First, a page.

Image: Holocaust survivor Gabriel Deleon with courage to Care volunteer guides Lee and Tony McNamee. Photo: Shirley Way.
“Do you know my story?”
Dressed in vibrant red and a warm smile, Lilly Wolf clasps both my hands between hers and searches my eyes as I reply: “Only what’s in your bio.”
“Oh, that’s nothing!” 86-year-old Lilly declares – and begins: “So in 1944, I was a 17-year-old girl…”
For more than 13 years, school children have heard Lilly re-live her personal story – how the kindness of strangers, including Raoul Wallenberg, helped her to survive the Holocaust in Budapest.
Recently named Australia’s first honorary citizen, Swedish diplomat Raoul Wallenberg issued special passports to Hungarian Jews and housed many – including Lilly – in diplomatic buildings during World War II.
Lilly’s story of self-determination and tribute to the kindness of strangers is one of five I have had the privilege to hear in detail from living Holocaust survivors in the past week.
Tom Fleming’s mother was able to gain them better conditions at Theresienstadt, the Nazis’ showcase to the Red Cross, by using psychology against the Germans. Although 16,000 children were to pass through this camp, Tom and his brother were two of only 100 to survive.
Gabriel (Gaby) Deleon, thankful for the aid of a Muslim family, and Halina Robinson who estimated more than 100 people helped her to hide in 13 locations over a two year period, each said their survival was a matter of luck.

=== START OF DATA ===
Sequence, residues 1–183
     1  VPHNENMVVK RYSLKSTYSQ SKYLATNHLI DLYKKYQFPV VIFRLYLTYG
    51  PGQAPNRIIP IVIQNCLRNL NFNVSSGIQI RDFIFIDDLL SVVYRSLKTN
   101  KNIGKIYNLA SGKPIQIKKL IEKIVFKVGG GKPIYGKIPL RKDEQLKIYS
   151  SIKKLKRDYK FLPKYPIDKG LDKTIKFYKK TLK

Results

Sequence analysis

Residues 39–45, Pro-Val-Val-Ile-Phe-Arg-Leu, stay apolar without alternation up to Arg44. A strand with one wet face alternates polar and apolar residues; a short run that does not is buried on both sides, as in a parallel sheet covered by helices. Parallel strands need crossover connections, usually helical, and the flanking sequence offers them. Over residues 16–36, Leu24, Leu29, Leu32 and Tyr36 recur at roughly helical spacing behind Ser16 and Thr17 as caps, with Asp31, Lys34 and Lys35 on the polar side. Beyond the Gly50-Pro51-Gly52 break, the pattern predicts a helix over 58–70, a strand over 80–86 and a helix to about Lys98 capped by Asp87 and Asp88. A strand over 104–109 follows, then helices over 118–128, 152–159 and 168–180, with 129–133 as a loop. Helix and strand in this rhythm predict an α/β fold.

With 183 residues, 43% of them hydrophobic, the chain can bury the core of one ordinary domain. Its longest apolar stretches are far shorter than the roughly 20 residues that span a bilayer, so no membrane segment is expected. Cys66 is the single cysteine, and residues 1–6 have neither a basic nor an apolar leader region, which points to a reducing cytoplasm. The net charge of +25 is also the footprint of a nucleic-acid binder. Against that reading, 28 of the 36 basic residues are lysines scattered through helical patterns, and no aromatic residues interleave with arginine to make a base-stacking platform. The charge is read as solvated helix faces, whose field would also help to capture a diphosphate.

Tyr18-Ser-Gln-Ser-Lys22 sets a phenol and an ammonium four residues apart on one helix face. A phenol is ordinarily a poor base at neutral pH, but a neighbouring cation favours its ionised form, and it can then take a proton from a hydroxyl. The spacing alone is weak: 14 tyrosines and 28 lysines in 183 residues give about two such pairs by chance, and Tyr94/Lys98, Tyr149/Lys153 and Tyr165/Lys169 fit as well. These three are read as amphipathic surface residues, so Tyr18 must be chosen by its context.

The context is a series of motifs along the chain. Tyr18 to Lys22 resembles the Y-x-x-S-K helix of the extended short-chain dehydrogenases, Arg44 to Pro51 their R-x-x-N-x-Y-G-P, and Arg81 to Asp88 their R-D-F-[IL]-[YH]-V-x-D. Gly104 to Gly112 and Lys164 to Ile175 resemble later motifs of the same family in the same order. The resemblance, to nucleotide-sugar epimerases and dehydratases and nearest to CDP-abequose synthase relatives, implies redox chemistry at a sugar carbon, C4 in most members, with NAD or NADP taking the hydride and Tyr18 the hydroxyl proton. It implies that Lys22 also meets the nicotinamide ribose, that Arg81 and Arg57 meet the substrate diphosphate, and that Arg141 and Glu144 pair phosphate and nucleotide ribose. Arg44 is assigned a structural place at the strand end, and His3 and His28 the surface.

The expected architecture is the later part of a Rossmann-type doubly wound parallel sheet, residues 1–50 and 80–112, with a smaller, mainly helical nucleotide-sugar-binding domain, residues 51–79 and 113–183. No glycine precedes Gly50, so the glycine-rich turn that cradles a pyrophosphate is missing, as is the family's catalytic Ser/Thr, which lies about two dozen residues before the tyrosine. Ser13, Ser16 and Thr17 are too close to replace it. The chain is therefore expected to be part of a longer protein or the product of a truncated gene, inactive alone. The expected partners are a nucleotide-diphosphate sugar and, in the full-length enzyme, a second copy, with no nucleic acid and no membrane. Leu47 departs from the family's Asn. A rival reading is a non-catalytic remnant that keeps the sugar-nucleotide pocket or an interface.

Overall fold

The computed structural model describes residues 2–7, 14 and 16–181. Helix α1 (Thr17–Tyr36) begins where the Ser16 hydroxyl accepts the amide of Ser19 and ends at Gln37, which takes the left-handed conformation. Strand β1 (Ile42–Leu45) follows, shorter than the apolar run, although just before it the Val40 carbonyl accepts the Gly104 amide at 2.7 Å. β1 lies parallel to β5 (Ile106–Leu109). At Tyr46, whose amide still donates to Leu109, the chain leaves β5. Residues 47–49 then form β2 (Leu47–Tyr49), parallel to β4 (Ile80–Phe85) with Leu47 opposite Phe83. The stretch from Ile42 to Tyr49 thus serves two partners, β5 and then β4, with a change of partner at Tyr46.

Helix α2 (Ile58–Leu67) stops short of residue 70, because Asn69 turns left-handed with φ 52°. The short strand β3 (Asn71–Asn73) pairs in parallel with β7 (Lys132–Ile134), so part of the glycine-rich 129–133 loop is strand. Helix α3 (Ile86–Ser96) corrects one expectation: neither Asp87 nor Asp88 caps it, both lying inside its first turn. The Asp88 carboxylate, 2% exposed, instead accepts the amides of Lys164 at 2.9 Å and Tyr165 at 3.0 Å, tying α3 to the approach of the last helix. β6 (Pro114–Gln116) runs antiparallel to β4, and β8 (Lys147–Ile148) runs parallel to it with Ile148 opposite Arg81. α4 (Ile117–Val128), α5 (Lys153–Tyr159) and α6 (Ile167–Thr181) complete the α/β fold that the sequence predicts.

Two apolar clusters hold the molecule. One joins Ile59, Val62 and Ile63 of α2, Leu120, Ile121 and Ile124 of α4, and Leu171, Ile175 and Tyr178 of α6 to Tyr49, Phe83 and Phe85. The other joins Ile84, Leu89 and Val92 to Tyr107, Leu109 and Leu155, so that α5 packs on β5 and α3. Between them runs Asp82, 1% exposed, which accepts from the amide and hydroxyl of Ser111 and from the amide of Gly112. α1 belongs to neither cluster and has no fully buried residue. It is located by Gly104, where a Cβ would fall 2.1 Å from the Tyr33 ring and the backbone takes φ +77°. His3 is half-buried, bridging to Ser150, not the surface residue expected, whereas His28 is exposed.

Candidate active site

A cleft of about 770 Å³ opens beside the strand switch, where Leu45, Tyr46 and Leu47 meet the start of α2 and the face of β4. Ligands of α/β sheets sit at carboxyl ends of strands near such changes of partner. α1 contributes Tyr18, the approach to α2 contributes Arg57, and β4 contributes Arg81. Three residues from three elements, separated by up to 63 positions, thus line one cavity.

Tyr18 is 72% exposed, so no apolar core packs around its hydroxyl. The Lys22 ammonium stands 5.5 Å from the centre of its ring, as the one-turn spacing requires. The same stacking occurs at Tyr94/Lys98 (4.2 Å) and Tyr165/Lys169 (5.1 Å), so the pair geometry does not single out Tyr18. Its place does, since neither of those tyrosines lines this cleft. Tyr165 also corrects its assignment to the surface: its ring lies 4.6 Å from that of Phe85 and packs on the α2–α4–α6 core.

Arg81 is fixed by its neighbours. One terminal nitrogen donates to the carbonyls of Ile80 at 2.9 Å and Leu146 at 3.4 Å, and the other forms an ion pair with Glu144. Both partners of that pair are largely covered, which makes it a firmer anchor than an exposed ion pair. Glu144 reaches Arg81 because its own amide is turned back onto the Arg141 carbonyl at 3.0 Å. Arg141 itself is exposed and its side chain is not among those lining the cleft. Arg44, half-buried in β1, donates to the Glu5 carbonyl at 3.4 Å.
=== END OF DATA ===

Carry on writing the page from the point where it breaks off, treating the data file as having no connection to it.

Why did others choose to help – when to help could mean death?
They explore this question with school children, by using their personal stories to explain the roles of bully, victim and bystander.
For Lilly, it is a commitment: “I do it purposefully for the future. I want anyone who hears it to stop bullying, to stop putting people through pain.”
Almost 3,000 Brisbane school children and their teachers will participate in Courage to Care’s anti-bullying program over five weeks – by invitation of Brisbane Catholic Education.
At the launch, New South Wales chairman Andrew Havas said: “The aim of Courage to Care is to empower the group that’s often overlooked in situations involving prejudice and discrimination – the bystanders.”
Their positive action to confront incidents of discrimination, bullying and harm should be encouraged, he said as he paid tribute to the 17 Australians honoured as ‘Righteous among Nations’ by Israel’s Holocaust Memorial Museum, and to Adele Rice, local hero and founding principal of Milpera State High School.
Principal Education Officer (Religious Education), Mark Elliott said their choice of Courage to Care is to move the children beyond tolerance to respecting diversity, to see that different-ness is a good thing.
Mr Elliott saw Courage to Care in action in Sydney before committing to the program: “The one thing that you notice is that when kids in small groups are able to engage with a Holocaust survivor, hear their story, hear the challenges that they’ve dealt with, and see any bitterness that they’ve had to deal with has been overcome, that they have a much more generous spirit – that’s a much stronger message than anything we can do in a classroom.”
This work is licensed under a Creative Commons Attribution-NonCommercial-NoDerivs 3.0 Unported.
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